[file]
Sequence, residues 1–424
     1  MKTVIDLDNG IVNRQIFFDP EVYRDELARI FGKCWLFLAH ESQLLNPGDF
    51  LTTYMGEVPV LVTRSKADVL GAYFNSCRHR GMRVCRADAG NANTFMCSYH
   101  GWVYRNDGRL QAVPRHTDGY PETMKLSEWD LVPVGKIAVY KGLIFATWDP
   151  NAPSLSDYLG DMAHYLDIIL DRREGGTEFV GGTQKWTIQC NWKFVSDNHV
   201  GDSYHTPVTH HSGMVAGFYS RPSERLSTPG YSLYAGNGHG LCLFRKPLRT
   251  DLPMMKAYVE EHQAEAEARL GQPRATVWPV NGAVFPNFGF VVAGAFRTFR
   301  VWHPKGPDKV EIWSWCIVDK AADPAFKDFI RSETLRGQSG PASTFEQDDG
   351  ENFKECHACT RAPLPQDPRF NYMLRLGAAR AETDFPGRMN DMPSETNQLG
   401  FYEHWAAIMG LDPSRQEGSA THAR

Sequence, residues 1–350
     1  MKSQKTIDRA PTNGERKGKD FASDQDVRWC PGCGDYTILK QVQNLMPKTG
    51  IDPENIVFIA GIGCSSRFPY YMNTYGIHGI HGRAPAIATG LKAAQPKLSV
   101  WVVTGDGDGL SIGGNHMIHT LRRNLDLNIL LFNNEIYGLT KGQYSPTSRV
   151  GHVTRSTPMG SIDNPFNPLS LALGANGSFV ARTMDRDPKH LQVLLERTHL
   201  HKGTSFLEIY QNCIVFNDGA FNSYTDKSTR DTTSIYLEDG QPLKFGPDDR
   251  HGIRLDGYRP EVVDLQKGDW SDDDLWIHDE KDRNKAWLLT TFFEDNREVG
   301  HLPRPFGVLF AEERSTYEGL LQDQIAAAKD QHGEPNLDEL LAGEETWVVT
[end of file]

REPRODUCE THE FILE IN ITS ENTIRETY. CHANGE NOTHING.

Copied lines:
Sequence, residues 1–424
     1  MKTVIDLDNG IVNRQIFFDP EVYRDELARI FGKCWLFLAH ESQLLNPGDF
    51  LTTYMGEVPV LVTRSKADVL GAYFNSCRHR GMRVCRADAG NANTFMCSYH
   101  GWVYRNDGRL QAVPRHTDGY PETMKLSEWD LVPVGKIAVY KGLIFATWDP
   151  NAPSLSDYLG DMAHYLDIIL DRREGGTEFV GGTQKWTIQC NWKFVSDNHV
   201  GDSYHTPVTH HSGMVAGFYS RPSERLSTPG YSLYAGNGHG LCLFRKPLRT
   251  DLPMMKAYVE EHQAEAEARL GQPRATVWPV NGAVFPNFGF VVAGAFRTFR
   301  VWHPKGPDKV EIWSWCIVDK AADPAFKDFI RSETLRGQSG PASTFEQDDG
   351  ENFKECHACT RAPLPQDPRF NYMLRLGAAR AETDFPGRMN DMPSETNQLG
   401  FYEHWAAIMG LDPSRQEGSA THAR

Sequence, residues 1–350
     1  MKSQKTIDRA PTNGERKGKD FASDQDVRWC PGCGDYTILK QVQNLMPKTG
    51  IDPENIVFIA GIGCSSRFPY YMNTYGIHGI HGRAPAIATG LKAAQPKLSV
   101  WVVTGDGDGL SIGGNHMIHT LRRNLDLNIL LFNNEIYGLT KGQYSPTSRV
   151  GHVTRSTPMG SIDNPFNPLS LALGANGSFV ARTMDRDPKH LQVLLERTHL
   201  HKGTSFLEIY QNCIVFNDGA FNSYTDKSTR DTTSIYLEDG QPLKFGPDDR
   251  HGIRLDGYRP EVVDLQKGDW SDDDLWIHDE KDRNKAWLLT TFFEDNREVG
   301  HLPRPFGVLF AEERSTYEGL LQDQIAAAKD QHGEPNLDEL LAGEETWVVT